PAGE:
It’s wild to me that Sandra played Australian Survivor in the first place, and even more impressive that she made it to a swap while pulling off a couple of tactically sound blindsides to boot. I’d have loved to see her make it further, but I’m so grateful for the Sandra we got. And if she had to go early, maintaining the Day 16 curse is doing it in style.
MEN IN THE DOGHOUSE
The Sandra and Nina of it all is certainly the headline, but we’re not without a few other strategically notable figures in this first post-swap episode. Keeping to the vote first and foremost, this episode was Jordie’s real big break. He’d been framed as the goofy larrikin sidekick to Mark in the early days: a capable player, but the sidekick. Yet here, he was the one calling the shots.
In the aftermath of the Immunity loss, Jodie’s alliance initially circled around voting out Mel on account of her apparent struggles in the challenges. It felt a little out of nowhere for the viewers, as this hasn’t been highlighted to us. And we barely know Mel in the first place. But whether the accusations were as true as asserted or whether Mel was just a convenient offering that could skirt around the awkwardness of voting out an ally’s mother, the tribe seemed cautious.
Jordie, however, was anything but. True to SurvivorAU players feeling feisty for bigger, riskier moves, he wanted to skip past the tender footed approach and just take the clean shot at the Queen. And to his credit, he succeeded where Sandra’s original tribe failed. He got his allies Mark and Josh on board quickly and then took point spreading the word throughout the rest of the tribe.
While it didn’t seem like he had to fight for it, Jodie also showed some solid savvy in factoring in fringe complications like Shay’s Idol and avoiding telling Nina to prevent a scramble upending his decisive strike. I’m curious to see if this more proactive and ruthless side of Jordie is just a one-off or if it’s a dimension to his goofier side that will continue to show itself. I certainly hope it’s the latter, for if he is ramping up his game, I do think he’ll be one to watch.
That’s not to say I loved everything he did here. While I can’t blame him for wanting to make sure the gender balance doesn’t run away from the boys, terms like “male strong” don’t exactly sound great. And while I’ve been a fan of his more nuanced bluntness in his first Tribal, his seeming dismissiveness of Sandra’s earned experience felt a little misplaced (even as I was surprised to see her own words of wisdom at this Tribal sounded a little murky and contradictory). Nevertheless, Jordie helmed the move that took down the Queen, and while it may not have been a grandiose coup, it still got the job done.
His partner-in-crime Mark also had a memorable night for his own strategic decision at the swap. I continue to be incredibly grateful that SurvivorAU has dramatically eased up on the convoluted twists. They might have concocted some elaborate mess around the empty wrapper at the swap previously. Instead, they relied on a simple choice that produced infinitely more drama because it centered on the player, their game, and their decisions.
With an uneven number at the swap, Mark was left without a buff and was given the choice of which tribe to join. The Blood vs. Water dynamic continued to sing as the choice became one of head versus heart: join the tribe with a bulk of his alliance or join the tribe with his wife Sam.
Sam made no secret of wanting to play alongside Mark and do damage together, and the prospect of fast-tracking their plans to reunite at the merge was thrilling. So understandably, she was shocked and hurt when Mark chose to join the opposing tribe. Legitimately speechless, she worked it through with her tribe and in confessional. She could trust the logic in Mark’s decision. After all, being a power couple was what ended their games in Season 2. But the emotion was still real.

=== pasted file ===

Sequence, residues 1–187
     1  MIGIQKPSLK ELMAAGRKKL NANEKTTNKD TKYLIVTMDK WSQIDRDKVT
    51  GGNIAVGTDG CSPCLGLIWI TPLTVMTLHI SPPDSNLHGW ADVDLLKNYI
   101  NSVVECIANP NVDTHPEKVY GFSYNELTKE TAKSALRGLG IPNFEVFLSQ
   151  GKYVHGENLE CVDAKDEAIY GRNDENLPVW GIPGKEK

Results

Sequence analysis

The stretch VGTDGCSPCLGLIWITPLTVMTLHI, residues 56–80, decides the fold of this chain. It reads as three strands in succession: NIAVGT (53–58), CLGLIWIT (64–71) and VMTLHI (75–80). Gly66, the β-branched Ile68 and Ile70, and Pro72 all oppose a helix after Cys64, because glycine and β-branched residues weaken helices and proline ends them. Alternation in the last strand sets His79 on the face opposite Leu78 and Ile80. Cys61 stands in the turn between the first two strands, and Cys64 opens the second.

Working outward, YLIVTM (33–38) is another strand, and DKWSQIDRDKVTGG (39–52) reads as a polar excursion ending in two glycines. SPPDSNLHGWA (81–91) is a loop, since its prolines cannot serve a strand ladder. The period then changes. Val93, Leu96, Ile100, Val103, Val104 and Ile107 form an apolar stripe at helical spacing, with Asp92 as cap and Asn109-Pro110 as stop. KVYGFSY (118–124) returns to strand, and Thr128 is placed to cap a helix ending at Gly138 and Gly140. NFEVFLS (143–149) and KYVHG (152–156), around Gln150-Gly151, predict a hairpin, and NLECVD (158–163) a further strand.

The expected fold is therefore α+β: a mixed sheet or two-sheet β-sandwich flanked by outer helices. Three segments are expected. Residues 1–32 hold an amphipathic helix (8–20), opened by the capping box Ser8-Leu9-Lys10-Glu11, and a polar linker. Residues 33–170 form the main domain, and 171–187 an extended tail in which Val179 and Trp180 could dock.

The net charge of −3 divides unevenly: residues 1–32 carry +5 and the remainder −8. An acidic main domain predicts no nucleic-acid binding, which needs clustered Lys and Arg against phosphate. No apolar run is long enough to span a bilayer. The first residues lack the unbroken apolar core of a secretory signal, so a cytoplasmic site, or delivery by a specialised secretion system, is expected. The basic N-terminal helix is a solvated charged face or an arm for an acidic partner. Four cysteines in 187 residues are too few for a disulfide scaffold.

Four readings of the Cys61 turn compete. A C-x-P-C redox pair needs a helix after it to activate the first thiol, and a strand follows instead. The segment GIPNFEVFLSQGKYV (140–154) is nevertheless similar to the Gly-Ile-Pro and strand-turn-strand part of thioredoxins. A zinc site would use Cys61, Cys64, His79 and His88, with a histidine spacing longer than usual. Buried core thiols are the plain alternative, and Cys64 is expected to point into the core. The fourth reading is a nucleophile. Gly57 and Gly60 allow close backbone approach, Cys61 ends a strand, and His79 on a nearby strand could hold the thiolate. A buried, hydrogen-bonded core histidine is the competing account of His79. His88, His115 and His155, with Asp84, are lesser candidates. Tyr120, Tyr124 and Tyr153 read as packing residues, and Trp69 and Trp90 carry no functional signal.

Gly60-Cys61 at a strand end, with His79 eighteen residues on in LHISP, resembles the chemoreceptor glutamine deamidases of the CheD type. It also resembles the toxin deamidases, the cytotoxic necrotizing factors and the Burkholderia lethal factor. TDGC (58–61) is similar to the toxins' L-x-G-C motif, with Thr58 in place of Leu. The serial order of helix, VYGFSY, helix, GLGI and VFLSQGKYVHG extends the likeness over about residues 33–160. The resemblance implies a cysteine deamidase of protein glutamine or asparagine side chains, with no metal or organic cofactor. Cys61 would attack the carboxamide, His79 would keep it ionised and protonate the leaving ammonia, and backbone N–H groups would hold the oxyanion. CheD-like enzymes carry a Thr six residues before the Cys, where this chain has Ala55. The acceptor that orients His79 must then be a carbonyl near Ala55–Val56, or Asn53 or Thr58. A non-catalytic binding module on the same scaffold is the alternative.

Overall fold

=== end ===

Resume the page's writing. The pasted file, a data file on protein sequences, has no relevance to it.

I love that we’re seeing so much of this authenticity from Sam. The head and the heart together, often in conflict but unified in purpose to win. It’s a really welcome and nuanced portrayal of a player in a show that tends towards caricature.
And in truth, Sam has a lot that is weighing on her. Not only did Mark actively choose to stay separate, but it’s left Sam in a rough spot herself. Sophie still has a bone to pick and has her sister, as well as her previous allies Ben & Croc (and his partner Chrissy), who’s also seemingly close to KJ. Those numbers could easily come back to bite Sam, who has few allies like Jesse & Michelle, and a loose (and powerful) factor in Khanh to work with. But would having Mark have helped? I think not.
Mark made the right call here, and I think Sam realises it too, as tough as it might be on the emotional front. The advantage of the partnerships in this format is exactly what Mark & Sam’s gameplans were in the first place. Work through the pre-merge individually, and reunite strong to power through at the merge. By staying separate, they can each keep an eye on the dynamics of each tribe and build their own relationships.
That way, when they come together, they’re uniting a faction from both tribes, with intelligence from both sides and a full picture between them. If they’re both sequestered on one tribe, they lose that wide scope of information and relationships. And for Mark, being separated from his entire alliance could be detrimental, allowing him to be frozen out of that unit come merge.
On top of that, teaming up too soon could pose a bigger threat. Even though Sandra and Nina were split up here, I don’t expect “split the pairs” to be a dominant tactic at the fore through the next few episodes. But having a couple as visibly strong and smart as Mark & Sam on the same beach is probably going to get gears turning faster and makes them a bigger target as a unit earlier on.
Of course, there are likely to be benefits to reuniting. Chrissy and Croc working together to spot and decipher a clue and locate an Idol is a prime example of it! But in this case, Mark made a savvy decision, and I think there’s a decent chance it pays off for both him and Sam in the long-run.
And that’s what I love about this format. Blood vs. Water is complex and challenging in its integral incorporation of close-knot pre-existing relationships. And in the aftermath of this swap, as some bonds are reinforced and some tested further, it feels like we’re on the precipice of a greater bloodbath. For all the love between loved ones, this cast feels like they’re playing to win and are willing to make big swings. And that feels like it’s only going to get more impactful the further down the line we get.
Nina might have been willing to let her mother go: but will others be as willing to follow that precedent?